It’s been a dozen years since the Global Defense Initiative and The Brotherhood of NOD started battling for control of the world, and the forces of evil still won’t go down. Armed with a shiny head and an all black wardrobe - that screams "I'm the bad guy" - the malevolent psychopath Kane is on the rise again. But the Scrin, a new alien faction, threatens both sides with metal bugs of death.
That’s Command & Conquer 3: Tiberium Wars' story in a nutshell. For all the hype about the geektastic cast for the campaign movies (Michael Ironside, Tricia Helfer, Billy Dee Williams, etc.) the epic tale still boils down to mission after mission where you run around doing what you are told. It's never clear if the hammy acting is because the esteemed players are taking the material too seriously or not seriously enough. No matter; if you love cheesy full motion videos, this story is for you.
Above: He won't be selling the smooth taste of Colt 45, but Billy Dee strikes back as GDI Director, Redmond Boyle
It's a good thing that the underlying game is much better than the hokey script these guys are reading from. The franchise has always carved its own path through the real time strategy world, and there is never any doubt that this is a C&C game.
Right off the bat, you'll notice how fast the game plays. Even at the default setting, there is little time for planning what you will build next or in which direction you will expand. Get a build order memorized and go, go, go; this is one of the most frantic real time-strategies in recent years.
This is good, in a way, since it means you’ll get to the action quickly. The three factions (terroristic NOD, vanilla GDI and extra-planetary Scrin) are similar enough to make it easy to move from playing one to the next, but different enough to offer something new. The units and buildings on each side serve similar functions, but every now and then one will have a special power that’ll make you stop and go, "Huh. So that's what that guy does." Hang-gliding stealth commandos, mind controlling alien beasties, giant cannons on legs; each of these units has a counter and a counterpart in the enemy camp.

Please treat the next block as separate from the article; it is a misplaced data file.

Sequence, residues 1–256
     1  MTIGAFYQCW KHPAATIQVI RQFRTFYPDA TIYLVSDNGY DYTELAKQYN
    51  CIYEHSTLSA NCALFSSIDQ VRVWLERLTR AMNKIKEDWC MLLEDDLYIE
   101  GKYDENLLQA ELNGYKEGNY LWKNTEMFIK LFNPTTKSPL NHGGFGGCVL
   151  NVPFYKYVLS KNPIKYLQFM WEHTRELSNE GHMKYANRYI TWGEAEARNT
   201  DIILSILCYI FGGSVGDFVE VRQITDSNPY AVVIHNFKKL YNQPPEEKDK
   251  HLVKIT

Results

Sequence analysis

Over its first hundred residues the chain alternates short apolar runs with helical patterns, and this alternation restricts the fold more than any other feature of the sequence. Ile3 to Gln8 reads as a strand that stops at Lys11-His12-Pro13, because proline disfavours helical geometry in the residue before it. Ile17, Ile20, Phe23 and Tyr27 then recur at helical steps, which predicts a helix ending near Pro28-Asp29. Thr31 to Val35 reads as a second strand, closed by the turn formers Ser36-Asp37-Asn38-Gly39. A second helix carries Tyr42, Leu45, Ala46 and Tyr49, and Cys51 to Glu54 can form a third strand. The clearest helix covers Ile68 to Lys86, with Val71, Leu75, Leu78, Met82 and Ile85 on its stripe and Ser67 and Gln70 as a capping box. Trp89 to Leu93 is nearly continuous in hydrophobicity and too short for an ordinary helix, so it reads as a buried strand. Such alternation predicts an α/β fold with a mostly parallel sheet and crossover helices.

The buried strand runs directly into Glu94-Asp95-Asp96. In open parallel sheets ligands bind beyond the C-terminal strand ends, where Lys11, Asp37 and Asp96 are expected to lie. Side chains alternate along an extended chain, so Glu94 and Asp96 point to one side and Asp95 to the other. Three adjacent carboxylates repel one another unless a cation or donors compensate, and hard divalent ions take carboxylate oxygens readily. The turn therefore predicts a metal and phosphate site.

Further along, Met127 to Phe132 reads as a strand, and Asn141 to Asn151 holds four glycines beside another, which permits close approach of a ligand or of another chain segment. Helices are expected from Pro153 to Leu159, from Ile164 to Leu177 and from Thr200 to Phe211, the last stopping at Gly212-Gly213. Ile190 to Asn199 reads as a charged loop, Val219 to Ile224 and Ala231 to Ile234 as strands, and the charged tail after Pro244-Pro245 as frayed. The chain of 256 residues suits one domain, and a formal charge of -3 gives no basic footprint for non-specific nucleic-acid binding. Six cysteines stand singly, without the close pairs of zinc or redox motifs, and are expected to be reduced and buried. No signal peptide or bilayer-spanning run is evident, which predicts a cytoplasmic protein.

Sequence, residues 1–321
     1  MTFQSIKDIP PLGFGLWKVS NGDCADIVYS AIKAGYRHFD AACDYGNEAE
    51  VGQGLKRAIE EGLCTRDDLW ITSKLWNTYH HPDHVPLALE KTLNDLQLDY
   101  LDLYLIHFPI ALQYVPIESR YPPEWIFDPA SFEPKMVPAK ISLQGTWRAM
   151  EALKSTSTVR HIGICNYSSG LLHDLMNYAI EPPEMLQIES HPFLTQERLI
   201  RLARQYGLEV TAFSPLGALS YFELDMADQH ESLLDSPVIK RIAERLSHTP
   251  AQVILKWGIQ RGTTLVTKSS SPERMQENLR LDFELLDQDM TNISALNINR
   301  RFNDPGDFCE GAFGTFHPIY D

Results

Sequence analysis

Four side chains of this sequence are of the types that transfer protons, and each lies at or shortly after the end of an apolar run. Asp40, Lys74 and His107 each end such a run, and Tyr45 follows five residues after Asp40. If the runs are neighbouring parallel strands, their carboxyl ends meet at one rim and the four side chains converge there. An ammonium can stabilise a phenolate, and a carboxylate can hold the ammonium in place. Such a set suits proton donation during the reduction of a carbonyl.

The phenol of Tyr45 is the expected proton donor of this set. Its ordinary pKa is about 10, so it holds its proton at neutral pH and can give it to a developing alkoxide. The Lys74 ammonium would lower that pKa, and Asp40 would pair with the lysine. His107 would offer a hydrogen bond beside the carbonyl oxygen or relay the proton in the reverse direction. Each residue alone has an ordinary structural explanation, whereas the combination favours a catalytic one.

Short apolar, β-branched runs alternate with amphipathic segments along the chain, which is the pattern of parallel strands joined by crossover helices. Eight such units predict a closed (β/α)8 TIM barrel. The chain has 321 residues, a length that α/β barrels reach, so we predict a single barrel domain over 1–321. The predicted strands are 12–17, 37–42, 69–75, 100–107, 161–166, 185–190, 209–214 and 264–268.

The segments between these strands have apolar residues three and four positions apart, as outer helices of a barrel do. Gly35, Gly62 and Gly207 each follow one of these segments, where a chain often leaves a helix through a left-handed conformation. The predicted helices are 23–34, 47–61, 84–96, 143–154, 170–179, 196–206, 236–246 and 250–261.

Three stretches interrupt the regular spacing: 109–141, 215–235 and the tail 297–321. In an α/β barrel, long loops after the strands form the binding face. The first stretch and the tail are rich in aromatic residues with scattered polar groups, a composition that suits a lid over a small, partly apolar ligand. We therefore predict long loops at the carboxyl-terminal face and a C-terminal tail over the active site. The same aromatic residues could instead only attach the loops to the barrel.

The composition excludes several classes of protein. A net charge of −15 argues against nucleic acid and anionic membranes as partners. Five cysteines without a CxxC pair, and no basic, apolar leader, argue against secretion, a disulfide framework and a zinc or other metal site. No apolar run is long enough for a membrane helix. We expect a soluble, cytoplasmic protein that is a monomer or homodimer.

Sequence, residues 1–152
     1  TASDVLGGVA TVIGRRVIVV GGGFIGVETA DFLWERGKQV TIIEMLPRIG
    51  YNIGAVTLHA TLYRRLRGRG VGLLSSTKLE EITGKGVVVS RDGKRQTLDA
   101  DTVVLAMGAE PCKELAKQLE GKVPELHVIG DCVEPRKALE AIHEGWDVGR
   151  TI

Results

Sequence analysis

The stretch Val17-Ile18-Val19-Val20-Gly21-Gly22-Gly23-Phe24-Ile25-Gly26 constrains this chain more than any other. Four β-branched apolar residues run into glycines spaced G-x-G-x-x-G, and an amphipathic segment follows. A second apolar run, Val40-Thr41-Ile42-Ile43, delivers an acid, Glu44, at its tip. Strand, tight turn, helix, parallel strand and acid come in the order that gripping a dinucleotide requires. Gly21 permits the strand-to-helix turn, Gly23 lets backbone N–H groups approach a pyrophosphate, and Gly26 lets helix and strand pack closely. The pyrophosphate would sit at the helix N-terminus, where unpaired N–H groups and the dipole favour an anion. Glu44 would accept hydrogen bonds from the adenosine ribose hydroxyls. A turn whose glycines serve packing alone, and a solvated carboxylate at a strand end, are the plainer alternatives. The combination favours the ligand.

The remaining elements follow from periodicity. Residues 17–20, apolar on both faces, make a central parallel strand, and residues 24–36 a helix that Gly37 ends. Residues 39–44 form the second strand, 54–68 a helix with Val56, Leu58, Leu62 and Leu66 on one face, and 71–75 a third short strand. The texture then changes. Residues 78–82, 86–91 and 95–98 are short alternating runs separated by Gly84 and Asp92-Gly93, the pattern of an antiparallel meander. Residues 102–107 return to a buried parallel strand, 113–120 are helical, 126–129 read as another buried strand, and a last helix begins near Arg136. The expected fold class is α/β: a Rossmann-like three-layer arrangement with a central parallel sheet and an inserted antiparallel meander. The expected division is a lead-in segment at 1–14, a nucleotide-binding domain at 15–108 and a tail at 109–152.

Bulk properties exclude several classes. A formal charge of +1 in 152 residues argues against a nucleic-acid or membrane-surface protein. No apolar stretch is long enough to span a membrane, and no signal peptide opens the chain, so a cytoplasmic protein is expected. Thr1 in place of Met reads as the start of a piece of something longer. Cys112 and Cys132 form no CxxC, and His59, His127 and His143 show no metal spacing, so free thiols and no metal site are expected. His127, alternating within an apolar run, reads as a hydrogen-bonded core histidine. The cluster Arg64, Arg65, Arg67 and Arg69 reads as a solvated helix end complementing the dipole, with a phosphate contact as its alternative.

In many ways, Command & Conquer 3 is defiantly old-fashioned. Sure, there are attempts to keep up with the Joneses by piling on superpowers - over a half dozen for each faction - and micromanaging of specialty units. But this is a game about marshalling the right combo of forces to match whatever is waiting on the other side of the map and little else. Territorial control is crucial, from seizing rich Tiberium mines to occupying and clearing urban areas. Once someone gains the upper hand in the economic arena, it can be very difficult to unseat them as the advantage snowballs and the superweapons are brought online. Defenses can be very powerful in numbers, but skirmishes emphasize rushing out light infantry, engineers and harvesters until you have a lead you can exploit.
Once you get into the rhythm of the game, though, you remember why this series is so popular. It's not the mythology or the unit design or the videos as much as it is the kill-or-be-killed simplicity of it all. There are no attempts to educate you, comment on world events or mimic anything beyond a science fiction movie, and a silly one at that. There are many more original real-time strategies out there, but few that scream "pick up and play me" as loudly as Tiberium Wars. Its back to the basics approach to the genre won’t win any prizes for innovation, but it should prove to be a fan favorite anyway.